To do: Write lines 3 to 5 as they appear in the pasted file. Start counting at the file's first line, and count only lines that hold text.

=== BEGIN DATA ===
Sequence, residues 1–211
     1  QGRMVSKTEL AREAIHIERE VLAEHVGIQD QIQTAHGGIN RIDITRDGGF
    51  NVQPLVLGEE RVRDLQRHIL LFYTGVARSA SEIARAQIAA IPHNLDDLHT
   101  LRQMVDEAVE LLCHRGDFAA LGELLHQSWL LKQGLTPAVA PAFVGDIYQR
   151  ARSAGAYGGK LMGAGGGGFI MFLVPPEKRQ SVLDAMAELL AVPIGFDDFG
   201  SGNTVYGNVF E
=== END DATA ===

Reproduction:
    51  NVQPLVLGEE RVRDLQRHIL LFYTGVARSA SEIARAQIAA IPHNLDDLHT
   101  LRQMVDEAVE LLCHRGDFAA LGELLHQSWL LKQGLTPAVA PAFVGDIYQR
   151  ARSAGAYGGK LMGAGGGGFI MFLVPPEKRQ SVLDAMAELL AVPIGFDDFG